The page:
Although he was an intelligent, engaging physician, a common enemy, fear, made him wait until it was too late to get a screening exam. He lost his fight against this disease, despite a significant support system and compassionate, expert care from many of the finest health care institutions in the country. The ripple effect caused by the loss of his energy, enthusiasm, and productivity continues to be felt in my family and in his community.
Unfortunately, minorities are more likely to be diagnosed with and die from colorectal cancer. African Americans are more likely than any other racial or ethnic group to get colorectal cancer and die from it. It is the second most commonly diagnosed cancer among Latinos, and fewer than 40 percent of American Indian and Native Hawaiian adults have ever been screened for colorectal cancer. 1 About 50,000 Americans die annually from colorectal cancer. More than three-quarters of those who die from the disease are racial and ethnic minorities.2
Since 2000, March has been officially dedicated as National Colorectal Cancer Awareness Month, yet even with increased awareness and steady increases in the number of people who are being screened, there are more than 130,000 new cases each year. Screening among those ages 50 and older reached 63 percent in 2015 and continues to rise. If screening remains at this level, an estimated 39,700 additional colorectal cancer cases and 37,200 deaths will be prevented through 2030. 3
This month and throughout the year, the Office of Minority Health (OMH) at the U.S. Department of Health and Humans Services (HHS) engages in activities that help minorities in the United States reduce their risk of developing or dying from colorectal cancer. On March 12, OMH was proud to join several private and public organizations participating in an event entitled, Dispelling Fear: A Colorectal Cancer Awareness Forum, at Mt. Ennon Baptist Church in Clinton, MD.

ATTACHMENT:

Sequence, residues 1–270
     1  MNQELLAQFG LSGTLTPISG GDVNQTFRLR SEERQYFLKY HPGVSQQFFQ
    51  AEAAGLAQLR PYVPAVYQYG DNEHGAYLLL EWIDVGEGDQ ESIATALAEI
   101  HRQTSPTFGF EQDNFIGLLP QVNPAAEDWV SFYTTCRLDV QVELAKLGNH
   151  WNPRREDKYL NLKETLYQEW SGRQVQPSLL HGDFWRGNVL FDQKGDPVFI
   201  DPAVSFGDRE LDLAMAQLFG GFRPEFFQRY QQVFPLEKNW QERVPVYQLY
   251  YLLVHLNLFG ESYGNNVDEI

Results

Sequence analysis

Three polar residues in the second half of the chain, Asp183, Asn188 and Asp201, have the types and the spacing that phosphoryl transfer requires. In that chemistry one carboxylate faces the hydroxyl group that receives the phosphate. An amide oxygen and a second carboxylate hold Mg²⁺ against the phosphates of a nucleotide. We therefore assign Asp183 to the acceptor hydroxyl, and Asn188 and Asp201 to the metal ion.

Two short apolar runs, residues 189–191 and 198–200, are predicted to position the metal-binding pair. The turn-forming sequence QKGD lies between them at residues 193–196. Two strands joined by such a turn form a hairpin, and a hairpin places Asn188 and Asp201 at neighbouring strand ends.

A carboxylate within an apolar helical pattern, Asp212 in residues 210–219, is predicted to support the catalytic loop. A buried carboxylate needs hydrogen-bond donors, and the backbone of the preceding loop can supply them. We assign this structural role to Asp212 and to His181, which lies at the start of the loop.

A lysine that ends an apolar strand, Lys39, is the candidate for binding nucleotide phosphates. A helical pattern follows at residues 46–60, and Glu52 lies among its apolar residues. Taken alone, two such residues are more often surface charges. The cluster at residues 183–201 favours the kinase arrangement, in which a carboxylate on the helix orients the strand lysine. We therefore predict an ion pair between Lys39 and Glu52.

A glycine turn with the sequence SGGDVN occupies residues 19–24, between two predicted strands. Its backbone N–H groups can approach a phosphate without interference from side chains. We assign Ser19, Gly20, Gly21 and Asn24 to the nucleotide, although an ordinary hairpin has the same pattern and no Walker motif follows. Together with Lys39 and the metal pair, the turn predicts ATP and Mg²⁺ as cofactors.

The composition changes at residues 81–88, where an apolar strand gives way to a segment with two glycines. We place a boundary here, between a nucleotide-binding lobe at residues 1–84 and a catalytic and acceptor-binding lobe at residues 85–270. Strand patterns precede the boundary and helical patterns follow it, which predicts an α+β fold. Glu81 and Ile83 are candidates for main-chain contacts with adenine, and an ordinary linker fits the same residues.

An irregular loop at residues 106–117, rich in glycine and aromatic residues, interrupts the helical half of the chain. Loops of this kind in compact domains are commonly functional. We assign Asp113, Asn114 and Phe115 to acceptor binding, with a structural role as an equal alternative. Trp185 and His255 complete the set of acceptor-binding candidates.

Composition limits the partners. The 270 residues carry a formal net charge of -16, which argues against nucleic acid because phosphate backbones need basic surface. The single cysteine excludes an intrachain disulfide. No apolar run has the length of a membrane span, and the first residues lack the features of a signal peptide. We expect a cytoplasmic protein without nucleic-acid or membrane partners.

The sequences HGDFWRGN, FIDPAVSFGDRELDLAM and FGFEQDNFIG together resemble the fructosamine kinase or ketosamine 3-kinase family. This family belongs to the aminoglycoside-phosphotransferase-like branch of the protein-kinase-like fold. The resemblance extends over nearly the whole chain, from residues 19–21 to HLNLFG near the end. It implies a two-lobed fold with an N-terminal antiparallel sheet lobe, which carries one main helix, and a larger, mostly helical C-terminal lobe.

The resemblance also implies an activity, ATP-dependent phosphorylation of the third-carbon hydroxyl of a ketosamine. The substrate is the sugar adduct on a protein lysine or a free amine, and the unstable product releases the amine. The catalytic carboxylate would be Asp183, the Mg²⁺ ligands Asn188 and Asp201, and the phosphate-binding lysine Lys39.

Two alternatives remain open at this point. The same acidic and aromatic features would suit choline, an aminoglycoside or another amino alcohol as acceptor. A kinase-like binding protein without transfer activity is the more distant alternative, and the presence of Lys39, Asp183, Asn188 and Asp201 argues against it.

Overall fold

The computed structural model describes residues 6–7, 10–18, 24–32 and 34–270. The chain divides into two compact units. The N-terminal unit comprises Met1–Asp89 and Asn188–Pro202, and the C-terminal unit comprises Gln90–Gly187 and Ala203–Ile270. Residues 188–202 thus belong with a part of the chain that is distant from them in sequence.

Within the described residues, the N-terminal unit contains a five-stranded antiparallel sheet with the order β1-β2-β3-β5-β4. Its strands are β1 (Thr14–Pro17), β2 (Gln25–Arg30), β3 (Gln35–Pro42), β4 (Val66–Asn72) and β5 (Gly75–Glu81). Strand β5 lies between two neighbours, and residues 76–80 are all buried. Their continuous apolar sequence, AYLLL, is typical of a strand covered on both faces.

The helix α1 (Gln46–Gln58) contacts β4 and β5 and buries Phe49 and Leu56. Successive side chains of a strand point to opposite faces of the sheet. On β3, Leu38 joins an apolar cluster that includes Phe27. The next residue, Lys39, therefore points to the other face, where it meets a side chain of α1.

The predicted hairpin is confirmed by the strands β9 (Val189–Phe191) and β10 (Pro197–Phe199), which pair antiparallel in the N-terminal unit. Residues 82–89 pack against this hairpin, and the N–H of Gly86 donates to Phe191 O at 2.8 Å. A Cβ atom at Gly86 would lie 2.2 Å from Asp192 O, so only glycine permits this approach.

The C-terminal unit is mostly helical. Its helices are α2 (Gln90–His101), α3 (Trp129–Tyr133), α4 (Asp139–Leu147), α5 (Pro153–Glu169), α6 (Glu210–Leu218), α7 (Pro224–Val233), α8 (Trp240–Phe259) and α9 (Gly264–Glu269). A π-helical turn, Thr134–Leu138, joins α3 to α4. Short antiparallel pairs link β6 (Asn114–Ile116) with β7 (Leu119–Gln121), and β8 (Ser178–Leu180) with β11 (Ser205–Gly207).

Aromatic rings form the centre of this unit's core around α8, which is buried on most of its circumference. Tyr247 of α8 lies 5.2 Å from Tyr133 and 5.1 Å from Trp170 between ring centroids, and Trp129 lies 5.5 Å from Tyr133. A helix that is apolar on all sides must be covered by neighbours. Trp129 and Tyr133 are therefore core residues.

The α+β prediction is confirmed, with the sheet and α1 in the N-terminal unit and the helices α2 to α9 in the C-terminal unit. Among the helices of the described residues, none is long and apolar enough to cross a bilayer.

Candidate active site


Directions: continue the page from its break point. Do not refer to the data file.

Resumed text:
OMH also funds the tribal Colon Cancer Screening Project run by the Inter-Tribal Council of Michigan for three federally recognized tribes located in geographic hotspots for colon cancer. More than 1,500 members of the Traverse Bay Bands of Odawa Indians, the Bay Mills Indian Community, and the Saginaw Chippewa Indian Tribe have attended culturally appropriate education and outreach events hosted by the project. All three communities reported significant increases in screening last year.
Here are a few resources that can help all of us prevent, treat and manage colorectal cancer:
With colorectal cancer, early detection increases treatment options and the chance for a cure. Let’s use National Colorectal Cancer Awareness Month as an opportunity to step up the fight to avoid losing more loved ones and friends to a disease that can be prevented and beaten.
2 U.S. Cancer Statistics Working Group. United States Cancer Statistics: 1999–2013 Incidence and Mortality Web-based Report. Atlanta (GA): U.S. Department of Health and Human Services, Centers for Disease Control and Prevention, and National Cancer Institute; 2016. Available at: http://www.cdc.gov/uscs.
3 Colorectal Cancer Statistics, 2017. CA Cancer J Clin 2017. American Cancer Society.